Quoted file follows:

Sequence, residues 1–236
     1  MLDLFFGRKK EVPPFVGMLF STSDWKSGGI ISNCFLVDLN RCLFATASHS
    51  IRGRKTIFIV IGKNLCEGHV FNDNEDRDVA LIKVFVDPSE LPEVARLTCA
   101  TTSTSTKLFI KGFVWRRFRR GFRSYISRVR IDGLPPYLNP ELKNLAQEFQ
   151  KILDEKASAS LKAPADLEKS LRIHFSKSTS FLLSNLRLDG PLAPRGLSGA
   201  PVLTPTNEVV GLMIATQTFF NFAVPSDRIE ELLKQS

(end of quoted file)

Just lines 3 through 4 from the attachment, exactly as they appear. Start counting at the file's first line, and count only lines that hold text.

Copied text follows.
    51  IRGRKTIFIV IGKNLCEGHV FNDNEDRDVA LIKVFVDPSE LPEVARLTCA
   101  TTSTSTKLFI KGFVWRRFRR GFRSYISRVR IDGLPPYLNP ELKNLAQEFQ